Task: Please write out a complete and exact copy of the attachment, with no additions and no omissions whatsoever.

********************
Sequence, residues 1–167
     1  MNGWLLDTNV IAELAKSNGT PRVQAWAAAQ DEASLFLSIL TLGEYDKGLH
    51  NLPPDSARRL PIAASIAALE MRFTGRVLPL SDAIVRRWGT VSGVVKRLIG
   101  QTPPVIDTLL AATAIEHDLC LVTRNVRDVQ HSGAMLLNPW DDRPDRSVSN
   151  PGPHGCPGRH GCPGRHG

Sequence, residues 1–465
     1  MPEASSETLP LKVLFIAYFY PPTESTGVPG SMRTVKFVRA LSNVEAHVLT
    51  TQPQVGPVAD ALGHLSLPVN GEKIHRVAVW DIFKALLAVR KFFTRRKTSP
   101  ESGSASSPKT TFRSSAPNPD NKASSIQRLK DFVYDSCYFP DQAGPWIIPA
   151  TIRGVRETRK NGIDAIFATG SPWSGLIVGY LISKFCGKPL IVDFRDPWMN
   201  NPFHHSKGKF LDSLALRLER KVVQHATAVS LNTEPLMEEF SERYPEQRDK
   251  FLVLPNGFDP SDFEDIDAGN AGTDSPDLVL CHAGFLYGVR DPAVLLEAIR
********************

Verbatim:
Sequence, residues 1–167
     1  MNGWLLDTNV IAELAKSNGT PRVQAWAAAQ DEASLFLSIL TLGEYDKGLH
    51  NLPPDSARRL PIAASIAALE MRFTGRVLPL SDAIVRRWGT VSGVVKRLIG
   101  QTPPVIDTLL AATAIEHDLC LVTRNVRDVQ HSGAMLLNPW DDRPDRSVSN
   151  PGPHGCPGRH GCPGRHG

Sequence, residues 1–465
     1  MPEASSETLP LKVLFIAYFY PPTESTGVPG SMRTVKFVRA LSNVEAHVLT
    51  TQPQVGPVAD ALGHLSLPVN GEKIHRVAVW DIFKALLAVR KFFTRRKTSP
   101  ESGSASSPKT TFRSSAPNPD NKASSIQRLK DFVYDSCYFP DQAGPWIIPA
   151  TIRGVRETRK NGIDAIFATG SPWSGLIVGY LISKFCGKPL IVDFRDPWMN
   201  NPFHHSKGKF LDSLALRLER KVVQHATAVS LNTEPLMEEF SERYPEQRDK
   251  FLVLPNGFDP SDFEDIDAGN AGTDSPDLVL CHAGFLYGVR DPAVLLEAIR